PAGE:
Postcards of Grief

Mourning is a process.

Comments on breast cancer by proxy, written by a woman coping with the loss of her mother.

Friday, May 11, 2007

We’ve talked about this before:

My mother got pregnant at 18, and that child was adopted by another family. I learned about this event when I was 21, and my mother told me any of a number of things about the experience. I remember some of them clearly. Others I never thought to learn from her. Still others are not clear to me as facts. One thing I know is that my mother never tried to find the girl child who was reared by adoptive parents.

When my mother died in February 2004, I took some time to breathe and stew, and I concluded that I would call the agency through which the adoption took place and tell them to tell the adoptee about my mother’s illness and death. They asked if I wanted a call when contact had been made with the adoptee, and I agreed. They warned that the process might take a year or more, and I said that I understood.

Three years later, I still hadn’t heard. A book review in Brain, Child alerted me to the existence of The Girls Who Went Away by Ann Fessler. I was never more interested in seeking out that woman who was adopted as when I finished that book. I contacted the agency again.

Time went by. The promised calls were never returned. I called again.

This morning, I finally made contact with them. In 2004, they sent a letter to the adoptive parents. The adoptee called the agency. The agency told her what I reported about my mother’s breast cancer and her death. She asked for my mother’s age at death; they told her.

I can get the non-identifying information (date, time, and location of birth) from them by completing a form and sending a check for $60. I haven’t decided in the last few hours if that’s what I’ll do. I need to sleep on it.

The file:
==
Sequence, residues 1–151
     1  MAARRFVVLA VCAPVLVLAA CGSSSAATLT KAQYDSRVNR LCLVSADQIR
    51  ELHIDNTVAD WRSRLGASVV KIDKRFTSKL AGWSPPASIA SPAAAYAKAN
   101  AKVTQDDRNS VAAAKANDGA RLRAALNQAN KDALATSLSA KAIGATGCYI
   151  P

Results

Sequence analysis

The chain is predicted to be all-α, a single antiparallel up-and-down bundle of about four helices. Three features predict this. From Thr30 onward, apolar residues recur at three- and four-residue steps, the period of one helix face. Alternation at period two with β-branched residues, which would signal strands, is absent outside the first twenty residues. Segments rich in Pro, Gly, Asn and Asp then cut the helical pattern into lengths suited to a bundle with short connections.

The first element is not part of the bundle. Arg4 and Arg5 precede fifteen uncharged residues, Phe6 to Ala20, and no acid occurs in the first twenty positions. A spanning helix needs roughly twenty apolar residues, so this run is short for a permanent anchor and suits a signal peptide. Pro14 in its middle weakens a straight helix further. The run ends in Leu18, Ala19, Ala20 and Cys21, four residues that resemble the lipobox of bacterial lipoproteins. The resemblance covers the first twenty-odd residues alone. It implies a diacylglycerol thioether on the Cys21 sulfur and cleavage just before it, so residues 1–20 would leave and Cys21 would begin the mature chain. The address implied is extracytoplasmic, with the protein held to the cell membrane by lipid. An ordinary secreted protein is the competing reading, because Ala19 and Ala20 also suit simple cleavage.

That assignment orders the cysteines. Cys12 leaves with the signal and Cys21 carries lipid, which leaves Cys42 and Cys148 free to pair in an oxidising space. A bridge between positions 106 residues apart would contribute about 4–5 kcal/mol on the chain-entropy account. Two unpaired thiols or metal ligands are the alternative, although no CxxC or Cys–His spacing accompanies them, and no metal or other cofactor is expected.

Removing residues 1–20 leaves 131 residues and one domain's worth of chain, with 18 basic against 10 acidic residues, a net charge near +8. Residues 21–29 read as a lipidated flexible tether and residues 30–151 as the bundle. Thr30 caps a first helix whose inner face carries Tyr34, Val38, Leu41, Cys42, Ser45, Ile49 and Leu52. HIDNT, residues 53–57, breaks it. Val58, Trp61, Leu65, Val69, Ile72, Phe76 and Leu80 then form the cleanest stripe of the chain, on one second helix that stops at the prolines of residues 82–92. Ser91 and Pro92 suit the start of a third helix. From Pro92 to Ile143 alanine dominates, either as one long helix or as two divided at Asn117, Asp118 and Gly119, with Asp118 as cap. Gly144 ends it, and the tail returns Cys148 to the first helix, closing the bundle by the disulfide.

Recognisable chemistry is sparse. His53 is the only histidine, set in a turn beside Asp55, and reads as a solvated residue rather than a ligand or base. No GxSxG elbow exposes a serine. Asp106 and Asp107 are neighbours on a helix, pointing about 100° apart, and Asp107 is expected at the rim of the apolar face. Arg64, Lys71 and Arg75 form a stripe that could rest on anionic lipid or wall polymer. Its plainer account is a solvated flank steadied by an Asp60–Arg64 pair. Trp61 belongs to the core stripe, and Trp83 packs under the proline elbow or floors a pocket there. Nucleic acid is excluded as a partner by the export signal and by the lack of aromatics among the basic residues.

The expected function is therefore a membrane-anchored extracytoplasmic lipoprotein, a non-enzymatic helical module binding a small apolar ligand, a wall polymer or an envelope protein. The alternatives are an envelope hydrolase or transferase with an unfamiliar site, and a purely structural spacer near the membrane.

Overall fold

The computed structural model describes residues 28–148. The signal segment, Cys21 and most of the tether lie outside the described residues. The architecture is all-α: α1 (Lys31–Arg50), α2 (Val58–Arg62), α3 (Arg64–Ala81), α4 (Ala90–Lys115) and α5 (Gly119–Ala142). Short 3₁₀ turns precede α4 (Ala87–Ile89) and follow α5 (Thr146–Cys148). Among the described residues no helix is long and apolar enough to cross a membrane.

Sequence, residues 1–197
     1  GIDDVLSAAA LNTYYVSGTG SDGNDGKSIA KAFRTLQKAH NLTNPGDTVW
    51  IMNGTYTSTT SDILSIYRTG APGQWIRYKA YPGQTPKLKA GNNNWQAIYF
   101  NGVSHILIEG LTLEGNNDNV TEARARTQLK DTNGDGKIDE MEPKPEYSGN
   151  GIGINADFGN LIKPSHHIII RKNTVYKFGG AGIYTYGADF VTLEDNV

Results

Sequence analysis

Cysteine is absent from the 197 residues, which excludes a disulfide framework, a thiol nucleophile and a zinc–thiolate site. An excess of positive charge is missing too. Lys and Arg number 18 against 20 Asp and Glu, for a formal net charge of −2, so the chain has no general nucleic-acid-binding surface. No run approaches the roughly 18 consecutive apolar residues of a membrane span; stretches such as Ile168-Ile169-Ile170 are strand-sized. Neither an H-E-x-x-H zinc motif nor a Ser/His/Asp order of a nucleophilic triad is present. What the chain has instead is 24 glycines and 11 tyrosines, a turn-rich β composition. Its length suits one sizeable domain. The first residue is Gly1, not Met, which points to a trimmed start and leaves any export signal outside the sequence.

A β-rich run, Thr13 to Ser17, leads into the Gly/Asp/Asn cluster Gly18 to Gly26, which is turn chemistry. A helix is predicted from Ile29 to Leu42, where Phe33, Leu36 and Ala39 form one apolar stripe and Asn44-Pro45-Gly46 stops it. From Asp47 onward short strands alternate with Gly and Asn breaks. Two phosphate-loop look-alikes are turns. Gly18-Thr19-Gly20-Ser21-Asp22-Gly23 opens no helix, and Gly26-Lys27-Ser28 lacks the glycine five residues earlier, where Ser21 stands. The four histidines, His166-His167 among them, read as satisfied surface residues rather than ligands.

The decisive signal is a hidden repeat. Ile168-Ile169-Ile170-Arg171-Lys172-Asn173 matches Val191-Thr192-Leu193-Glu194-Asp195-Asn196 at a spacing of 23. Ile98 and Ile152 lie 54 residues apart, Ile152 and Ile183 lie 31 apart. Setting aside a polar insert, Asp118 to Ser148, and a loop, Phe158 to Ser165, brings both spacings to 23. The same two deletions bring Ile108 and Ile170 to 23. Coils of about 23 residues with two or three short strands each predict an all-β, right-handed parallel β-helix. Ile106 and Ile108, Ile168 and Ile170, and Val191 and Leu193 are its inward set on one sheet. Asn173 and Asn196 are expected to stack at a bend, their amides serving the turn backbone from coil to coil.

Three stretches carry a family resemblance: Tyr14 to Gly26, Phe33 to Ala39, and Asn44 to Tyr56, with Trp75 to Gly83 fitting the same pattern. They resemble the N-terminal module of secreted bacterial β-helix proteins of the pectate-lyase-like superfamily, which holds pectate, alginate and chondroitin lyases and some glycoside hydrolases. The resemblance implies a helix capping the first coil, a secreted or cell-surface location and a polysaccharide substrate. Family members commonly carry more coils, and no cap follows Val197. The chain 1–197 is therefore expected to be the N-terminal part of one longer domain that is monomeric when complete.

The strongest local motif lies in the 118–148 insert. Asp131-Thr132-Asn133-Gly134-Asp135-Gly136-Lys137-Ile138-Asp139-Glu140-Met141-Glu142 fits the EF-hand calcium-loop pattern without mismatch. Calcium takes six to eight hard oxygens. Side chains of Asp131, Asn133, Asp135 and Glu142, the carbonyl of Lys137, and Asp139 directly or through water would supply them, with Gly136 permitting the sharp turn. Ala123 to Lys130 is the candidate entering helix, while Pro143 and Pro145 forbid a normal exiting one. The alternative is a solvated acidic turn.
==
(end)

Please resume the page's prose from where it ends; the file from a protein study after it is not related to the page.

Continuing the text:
She’s lived the last 38 years of her life without my mother. She is a half-sibling to me, biologically, and my full blood sibling couldn’t be more different from me. Calling her my half-sister seems too familiar and too intimate. We have shared nothing except a few genes and a trip down the same birth canal.

Three years ago, I wanted nothing from her. I grieved so much for my mother, and the need to get this information to the other biological daughter was so urgent. My mother’s illness and the process of her death is less in my mind now. I focus on her legacy, her memory, and the story of her life. Her life, rather than her death, is my urgency. I want her biological daughter to know about her life as well as her death.

It would be easier if they had called me after the adoptee—for whom I need a less dehumanizing name that is not so familial as “half-sister”—contacted them. She’s alive—or rather, she was alive in 2004. At least one of her adoptive parents was alive in 2004. But this is new. It feels like it happened this week.

When the form comes, I’ll have to decide to do it or set it aside. Until then, I will just think.


At 1:21 PM, Anonymous Anna Jarzab said...

Dear Emilin,
I am working with VOICE (an imprint of Hyperion publishers) on marketing a memoir by Kelly Corrigan, a thirty-six-year-old woman whose life was changed forever when she discovered a lump in her breast. Kelly’s breast cancer diagnosis was quickly followed by her father’s own late-stage cancer. After reading your blog, I thought this book might be of interest to you, and I would love to send you a copy for review or discussion on your website. Please feel free to contact me at anna@authorsontheweb.com for more information.
Best wishes,
Anna Jarzab

At 11:56 AM, Blogger Amy said...

Please pardon my last comment. I just read that the adopted sibling does know about your mother. You seem to be undergoing such inner struggle over all of this. I am glad the agency finally gave you an answer.


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